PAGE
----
Household Survey data in major soybean growing districts in Malawi – 2016/17

It is widely recognized that female farmers have considerably less access to productive assets and support services than male farmers. There is limited evidence of gender gaps in technology adoption and agricultural productivity after accounting for the differential access to factors of production between males and females. This study investigates the gender differences in the adoption of improved technologies and agricultural productivity in Malawi using nationally representative data collected from 1600 households and 5238 plots. We used a multivariate probit model to analyze the gender differences in the adoption of improved technologies, including intercropping, use of improved varieties, crop rotation and residue retention, manure use, and minimum tillage. To analyze gender differences in agricultural productivity, we used an exogenous switching regression (ESR) model and re-centered influence function decomposition. We found that female plot managers were more likely to adopt intercropping and minimum tillage but less likely to adopt crop rotation and use improved varieties than male plot managers. The ESR model estimation results showed that female-managed plots were 14.6–23.1% less productive than male- managed plots. The gender productivity gaps also indicated that female plot managers had an 8.2% endowment advantage but a 23.1% structural disadvantage than male plot managers. The importance of structural effects in accounting for the gender productivity gap highlights the need for policies and agricultural development programs that consider the underlying factors shaping gender productivity gaps rather than focusing solely on agricultural production factors.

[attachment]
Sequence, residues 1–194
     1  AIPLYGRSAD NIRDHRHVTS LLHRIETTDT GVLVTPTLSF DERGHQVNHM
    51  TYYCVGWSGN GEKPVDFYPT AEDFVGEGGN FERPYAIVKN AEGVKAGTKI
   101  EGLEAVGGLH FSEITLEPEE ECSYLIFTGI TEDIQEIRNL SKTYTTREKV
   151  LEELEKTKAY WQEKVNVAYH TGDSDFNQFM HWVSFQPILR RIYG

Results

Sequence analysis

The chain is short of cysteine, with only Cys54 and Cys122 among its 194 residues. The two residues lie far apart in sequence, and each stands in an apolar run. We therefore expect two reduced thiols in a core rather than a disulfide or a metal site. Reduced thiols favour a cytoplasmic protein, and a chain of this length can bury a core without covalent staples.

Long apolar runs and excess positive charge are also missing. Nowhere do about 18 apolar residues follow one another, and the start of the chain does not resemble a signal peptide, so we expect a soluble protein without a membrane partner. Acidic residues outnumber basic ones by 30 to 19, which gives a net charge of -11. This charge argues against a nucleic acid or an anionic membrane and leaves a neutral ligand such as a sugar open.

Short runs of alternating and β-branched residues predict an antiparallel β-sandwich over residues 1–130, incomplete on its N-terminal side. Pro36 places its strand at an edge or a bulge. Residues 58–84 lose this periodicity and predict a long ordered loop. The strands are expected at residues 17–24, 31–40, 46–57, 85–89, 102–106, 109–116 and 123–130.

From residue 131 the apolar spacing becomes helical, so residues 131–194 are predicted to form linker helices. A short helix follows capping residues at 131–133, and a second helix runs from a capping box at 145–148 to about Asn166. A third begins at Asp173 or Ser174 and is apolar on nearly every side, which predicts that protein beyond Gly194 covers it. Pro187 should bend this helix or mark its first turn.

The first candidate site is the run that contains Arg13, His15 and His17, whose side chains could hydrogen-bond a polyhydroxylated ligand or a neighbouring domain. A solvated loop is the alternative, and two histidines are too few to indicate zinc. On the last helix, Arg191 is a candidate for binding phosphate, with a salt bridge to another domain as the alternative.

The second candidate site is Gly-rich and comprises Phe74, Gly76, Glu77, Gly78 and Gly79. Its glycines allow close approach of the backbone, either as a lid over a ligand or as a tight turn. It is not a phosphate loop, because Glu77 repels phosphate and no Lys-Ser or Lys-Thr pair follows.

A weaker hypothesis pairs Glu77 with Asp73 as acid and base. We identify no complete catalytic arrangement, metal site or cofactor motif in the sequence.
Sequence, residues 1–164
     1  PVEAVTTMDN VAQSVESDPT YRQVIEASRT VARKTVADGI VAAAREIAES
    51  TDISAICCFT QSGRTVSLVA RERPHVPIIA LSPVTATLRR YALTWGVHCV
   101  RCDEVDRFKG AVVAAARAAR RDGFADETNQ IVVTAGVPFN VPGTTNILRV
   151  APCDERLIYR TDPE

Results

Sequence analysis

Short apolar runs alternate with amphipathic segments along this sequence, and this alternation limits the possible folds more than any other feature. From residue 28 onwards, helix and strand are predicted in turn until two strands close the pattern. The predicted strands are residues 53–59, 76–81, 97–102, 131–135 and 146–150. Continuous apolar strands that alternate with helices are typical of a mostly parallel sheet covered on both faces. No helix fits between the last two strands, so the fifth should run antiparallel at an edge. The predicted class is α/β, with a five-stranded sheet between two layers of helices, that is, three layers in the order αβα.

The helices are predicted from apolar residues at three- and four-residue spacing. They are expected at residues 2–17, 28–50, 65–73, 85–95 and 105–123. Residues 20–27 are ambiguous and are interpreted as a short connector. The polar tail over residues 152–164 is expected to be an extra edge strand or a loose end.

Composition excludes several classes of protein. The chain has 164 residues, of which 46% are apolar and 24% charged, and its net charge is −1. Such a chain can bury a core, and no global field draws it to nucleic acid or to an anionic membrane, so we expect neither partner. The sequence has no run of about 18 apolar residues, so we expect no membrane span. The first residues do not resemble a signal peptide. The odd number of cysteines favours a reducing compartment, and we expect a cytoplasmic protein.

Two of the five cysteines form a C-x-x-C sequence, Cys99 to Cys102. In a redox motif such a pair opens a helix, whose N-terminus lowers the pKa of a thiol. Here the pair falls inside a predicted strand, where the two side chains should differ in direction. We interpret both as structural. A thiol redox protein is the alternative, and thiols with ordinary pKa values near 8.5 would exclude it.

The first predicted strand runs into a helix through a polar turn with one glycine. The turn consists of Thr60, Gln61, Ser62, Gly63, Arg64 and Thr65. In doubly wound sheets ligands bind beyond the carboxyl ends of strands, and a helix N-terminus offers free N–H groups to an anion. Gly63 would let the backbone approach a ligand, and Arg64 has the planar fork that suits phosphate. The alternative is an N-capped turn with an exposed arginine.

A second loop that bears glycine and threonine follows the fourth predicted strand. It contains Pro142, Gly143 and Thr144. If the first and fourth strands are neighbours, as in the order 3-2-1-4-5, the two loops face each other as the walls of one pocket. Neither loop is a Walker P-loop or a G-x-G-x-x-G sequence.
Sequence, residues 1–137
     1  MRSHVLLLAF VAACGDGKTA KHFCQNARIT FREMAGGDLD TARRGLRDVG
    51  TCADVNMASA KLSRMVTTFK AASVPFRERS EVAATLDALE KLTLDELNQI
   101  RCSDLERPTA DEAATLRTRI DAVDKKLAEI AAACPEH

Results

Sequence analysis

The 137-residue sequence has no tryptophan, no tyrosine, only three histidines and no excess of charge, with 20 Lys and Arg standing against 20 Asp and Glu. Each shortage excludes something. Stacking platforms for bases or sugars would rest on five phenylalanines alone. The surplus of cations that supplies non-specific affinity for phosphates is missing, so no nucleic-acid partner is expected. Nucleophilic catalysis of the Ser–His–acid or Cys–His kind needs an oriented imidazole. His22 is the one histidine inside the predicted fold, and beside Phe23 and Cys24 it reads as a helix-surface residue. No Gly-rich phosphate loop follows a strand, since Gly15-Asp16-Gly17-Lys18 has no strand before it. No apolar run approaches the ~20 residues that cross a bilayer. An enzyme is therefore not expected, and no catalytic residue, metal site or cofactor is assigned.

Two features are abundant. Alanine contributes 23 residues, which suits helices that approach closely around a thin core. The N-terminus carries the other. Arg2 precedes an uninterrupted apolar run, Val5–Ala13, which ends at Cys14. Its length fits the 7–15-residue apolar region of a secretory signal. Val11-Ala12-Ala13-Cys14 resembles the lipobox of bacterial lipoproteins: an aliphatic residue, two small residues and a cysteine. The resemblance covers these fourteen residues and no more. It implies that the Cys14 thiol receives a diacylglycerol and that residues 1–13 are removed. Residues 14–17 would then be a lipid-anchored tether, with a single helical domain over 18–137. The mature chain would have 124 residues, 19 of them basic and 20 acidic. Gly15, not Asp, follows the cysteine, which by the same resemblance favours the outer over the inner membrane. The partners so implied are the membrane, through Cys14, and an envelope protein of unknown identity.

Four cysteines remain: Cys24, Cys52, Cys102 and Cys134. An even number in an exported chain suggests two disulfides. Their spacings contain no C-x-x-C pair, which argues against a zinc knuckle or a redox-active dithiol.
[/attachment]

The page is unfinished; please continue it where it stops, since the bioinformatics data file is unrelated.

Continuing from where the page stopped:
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Data and Resources

Additional Info

Field Value
Creator Tufa, Adane
Creator Affiliation International Institute of Tropical Agriculture (IITA)
Creator ID Type ORCID
Creator ID 0000-0001-9801-6526
Subject Vocab (AGROVOC/GACS/CAB) Gender,Productivity,Technology,Malawi,Groundnuts,Soybeans,Tobacco,Income,Assets,Fertilizers,Labour,Education,Age,Poverty reduction
Subject(s) Endogenous switching regression,Counterfactual
Publisher International Institute of Tropical Agriculture (IITA)
Contributor Person Arega Alene, Steven M. Cole, Julius Manda, Shiferaw Feleke, Tahirou Abdoulaye, David Chikoye, Victor Manyong
Contributor Role Hosting Institution
Contributor Project Lead Organisation Center International Institute of Tropical Agriculture (IITA)
Contributor Project Lead Center International Institute of Tropical Agriculture (IITA)
Contributor CRP CGIAR Research Program on Grain Legumes and Dryland Cereals
Contributor Partner Not applicable
Contributor Donor United States Agency for International Development (USAID)
Contributor Project Making high quality soybean seeds accessible to smallholder farmers in Malawi
Project ID PJ-002044
Contributor Affiliation International Institute of Tropical Agriculture (IITA)
Open-Access status Open Access
Production Date 2019-06-30
Embargo End Date
Content Type Dataset
File Format csv
Identifier Type DOI
Identifier https://doi.org/10.25502/cdgr-3p50/d
Identifier Citation Gender differences in agricultural technology adoption and crop productivity: Evidence from Malawi, Adane Hirpa Tufa, Arega Alene, Steven M. Cole, Julius Manda, Shiferaw Feleke, Tahirou Abdoulaye, David Chikoye, and Victor Manyong, in: World Development, volume 159, pages 1-15, ISSN 0305-750X, 2022. https://doi.org/10.1016/j.worlddev.2022.106027
Source Making high quality soybean seeds accessible to smallholder farmers in Malawi
Language English
Relation Not applicable
Agroecological Zone Semiarid warm tropics
Coverage Region Southern Africa
Coverage country Malawi
Coverage Admin Unit Not applicable
Coverage Y (Latitude) -13.26872
Coverage X (Longitude) 33.9302
Coverage Start Date
Coverage End Date
Contact Tufa, Adane; Agricultural Economist; International Institute of Tropical Agriculture (IITA)
Contact Email a.tufa@cgiar.org
Restriction CC-BY 4.0
Email Permission None
Rights CC-BY 4.0